SomeOne creates identity for Tesco’s Hudl

Tesco has launched Hudl, a low cost Android tablt, sorry, tablet, computer with a visual identity, name, packaging, point of sale and more from SomeOne

Tesco has launched Hudl, a low cost Android tablt, sorry, tablet, computer with a visual identity, name, packaging, point of sale and more from SomeOne

It’s an intriguing move from Tesco. The retailer has apparently had the device built to its own specs (based on shopper feedback). As much as it represents a fascinating new challenger at the bottom end of the hardware market, the Hudl also provides Tesco with its own portal into its existing online services such as Clubcard TV and both film and ebook offerings. No doubt it will also provide very valuable consumer data in the process.

The branding has, therefore, had to look both ways. On the one hand, its competing against the likes of Nexus as a technology brand

 

 

On the other, it sits alongside the parent Tesco brand in mainstream, mass retail.

SomeOne’s co-founder Gary Holt sheds some light on the studio’s thinking here: “It’s important that the Hudl has a brand and personality all its own, yet brought to you by Tesco. It’s what Tesco refer to as a ‘brand by Tesco’. Just as they have F&F for fashion. This means that the brand, look and feel and tone can be crafted and delivered for the specific area and target audience”.

Pick up a Hudl and you would be hard-pressed to realise that it was a Tesco product at all. On the front, the only Tesco presence is a subtle T button bottom left via which the user accesses the various Tesco services.

On the back, the Hudl name is applied subtly, the Tesco logo sitting at the bottom

 

That star comes from SomeOne’s over-arching idea for the brand – that “the tablet is becoming an important device in people’s lives, notably family lives, ideal for online shopping, digital entertainment and social networking and as such they are emerging as a ‘retail portal’ of the future”. So the star “is a solar system metaphor that reflects Hudl being at the centre of a digital orbit, and of family life”.

A more explicit evocation of that idea can be seen in this treatment which is being used on the Tesco homepage.

 

The word mark uses Neutraface No 2 from House Industries, which is also used on the packaging

and on collateral

 

“The Hudl has its own separate iconography, notably designed to help you set up and use the tablet, as well as helping deliver the Tesco branded services,” Holt explains. “These have been specifically designed for Hudl, yet clearly consider the user experience and relationship that they have with the Android platform – which also has functional iconography all its own. This did mean that a number of the icons for Hudl could be warm in tone. Like the Magician’s top hat icon for ‘Tips & Tricks’. We also created a special Getting Started App (represented by another icon of ours ‘123’) to ensure new users get the help and support they need.”

Here’s a selection of the icons, some of which add the Hudl star to standard Android designs

 

And the Guardian’s hands-on review of the device which explains a litle bit about the relationship between the Hudl bits of the interface and the standard Android experience and in which you can see some of them in use (if you look very closely)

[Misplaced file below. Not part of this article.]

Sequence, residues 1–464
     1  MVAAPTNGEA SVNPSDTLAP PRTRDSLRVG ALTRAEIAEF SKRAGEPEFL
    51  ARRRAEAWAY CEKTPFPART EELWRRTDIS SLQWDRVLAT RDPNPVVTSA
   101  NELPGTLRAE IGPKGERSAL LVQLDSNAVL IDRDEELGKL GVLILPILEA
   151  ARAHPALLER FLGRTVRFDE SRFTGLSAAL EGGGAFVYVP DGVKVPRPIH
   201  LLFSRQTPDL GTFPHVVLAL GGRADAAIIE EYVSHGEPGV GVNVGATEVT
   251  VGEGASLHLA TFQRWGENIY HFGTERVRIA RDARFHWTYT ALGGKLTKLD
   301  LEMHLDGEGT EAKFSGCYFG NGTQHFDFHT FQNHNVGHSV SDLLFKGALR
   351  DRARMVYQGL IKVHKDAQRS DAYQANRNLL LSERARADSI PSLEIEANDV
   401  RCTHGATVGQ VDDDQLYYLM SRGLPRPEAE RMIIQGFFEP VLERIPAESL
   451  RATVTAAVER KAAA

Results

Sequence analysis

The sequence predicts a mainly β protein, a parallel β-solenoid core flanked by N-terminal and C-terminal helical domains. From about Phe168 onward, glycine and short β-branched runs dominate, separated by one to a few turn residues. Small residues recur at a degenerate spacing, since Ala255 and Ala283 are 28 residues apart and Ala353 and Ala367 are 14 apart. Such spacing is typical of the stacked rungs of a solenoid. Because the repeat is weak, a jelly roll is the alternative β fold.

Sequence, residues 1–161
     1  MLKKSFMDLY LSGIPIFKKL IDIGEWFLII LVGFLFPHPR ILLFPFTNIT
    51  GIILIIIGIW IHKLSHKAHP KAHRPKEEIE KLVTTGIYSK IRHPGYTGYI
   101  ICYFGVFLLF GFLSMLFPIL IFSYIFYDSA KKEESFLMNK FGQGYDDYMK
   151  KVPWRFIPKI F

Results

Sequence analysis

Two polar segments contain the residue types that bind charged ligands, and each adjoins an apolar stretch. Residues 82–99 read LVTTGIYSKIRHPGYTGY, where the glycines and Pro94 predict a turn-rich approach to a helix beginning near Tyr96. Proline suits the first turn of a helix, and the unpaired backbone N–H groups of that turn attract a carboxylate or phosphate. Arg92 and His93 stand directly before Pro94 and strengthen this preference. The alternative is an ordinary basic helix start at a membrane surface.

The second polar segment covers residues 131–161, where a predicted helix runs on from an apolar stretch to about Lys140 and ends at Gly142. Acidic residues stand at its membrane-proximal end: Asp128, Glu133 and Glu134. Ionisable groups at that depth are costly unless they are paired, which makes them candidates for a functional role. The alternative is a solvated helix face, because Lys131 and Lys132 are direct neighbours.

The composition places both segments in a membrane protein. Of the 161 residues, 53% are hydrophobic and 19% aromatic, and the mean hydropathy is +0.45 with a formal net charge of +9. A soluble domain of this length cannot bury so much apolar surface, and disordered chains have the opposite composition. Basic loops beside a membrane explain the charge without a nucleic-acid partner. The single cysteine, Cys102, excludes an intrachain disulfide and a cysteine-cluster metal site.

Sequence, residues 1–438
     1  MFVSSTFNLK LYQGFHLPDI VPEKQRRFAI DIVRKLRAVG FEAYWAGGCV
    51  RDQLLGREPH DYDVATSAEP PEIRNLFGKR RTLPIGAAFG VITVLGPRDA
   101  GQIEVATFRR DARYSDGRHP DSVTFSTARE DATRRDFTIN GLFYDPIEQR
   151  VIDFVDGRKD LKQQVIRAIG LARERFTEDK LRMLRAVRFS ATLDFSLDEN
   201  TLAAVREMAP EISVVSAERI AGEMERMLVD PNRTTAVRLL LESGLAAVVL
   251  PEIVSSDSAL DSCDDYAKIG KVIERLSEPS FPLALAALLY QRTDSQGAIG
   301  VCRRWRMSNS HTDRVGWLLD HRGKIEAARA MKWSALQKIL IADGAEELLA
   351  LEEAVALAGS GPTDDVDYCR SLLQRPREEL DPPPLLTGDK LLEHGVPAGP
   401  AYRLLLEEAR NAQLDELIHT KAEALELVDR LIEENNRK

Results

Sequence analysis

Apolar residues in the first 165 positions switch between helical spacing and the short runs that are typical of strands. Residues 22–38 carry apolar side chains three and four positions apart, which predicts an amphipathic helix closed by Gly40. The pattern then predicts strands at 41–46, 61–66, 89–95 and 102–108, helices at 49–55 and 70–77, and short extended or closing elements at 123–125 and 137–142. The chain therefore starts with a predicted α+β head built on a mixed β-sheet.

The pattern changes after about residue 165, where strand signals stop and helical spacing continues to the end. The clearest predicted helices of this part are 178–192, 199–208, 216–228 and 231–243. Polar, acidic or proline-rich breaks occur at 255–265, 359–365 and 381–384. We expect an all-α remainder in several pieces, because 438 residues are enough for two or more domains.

According to SomeOne, one of the key parts of the brief for the product was to try to, as partner and creative director Laura Hussey says, “inject warmth into a category that can often be overly technical.” Their idea, she says, was to “help to soften what can often be stark and technologically-led communications”.

This is very much a ‘family’ product. Without having used the device it’s very hard to assess how well this ‘warmth’ comes across. I’m not a particular fan of the icons as they appear in the stills above, for example (just a bit too cutesy for me), but they may well be more succesful in context. They also embody a particular challenge for this project. Kids intuitively get technology and are probably far more expert in its use than their parents and grandparents. There’s no need to ‘dumb down’ or soften edges for them. So the ‘friendliness’ here is far more likely to be aimed at older users who may otherwise find technology forbidding. It’s very much the ITV of tablets.

Is there, rather like pre-iOS7 Apple, a disconnect between the slickness of the branding on the hardware compared to the approach of the interface? Again, it’s hard to tell how that plays out without having used one but, if so, it makes some sense. There are almost two messages being put out here – firsty to convince consumers that the device is credible as a piece of kit, and then to provide all the family with a user experience that is appropriate to the brand and gets neophytes comfortable with using all those lucrative digital services and products. That’s quite a tought trick but one that the Hudl appears to have pulled off. And for a Tesco product, that mark – in particular as it appears on the back of the product – is really very nice.

UPDATE: the Hudl user experience element was designed and built by ustwo. This included tablet set up, basic use guidance, safety information for parents, system and app iconography, as well as the design of system sounds and wallpapers

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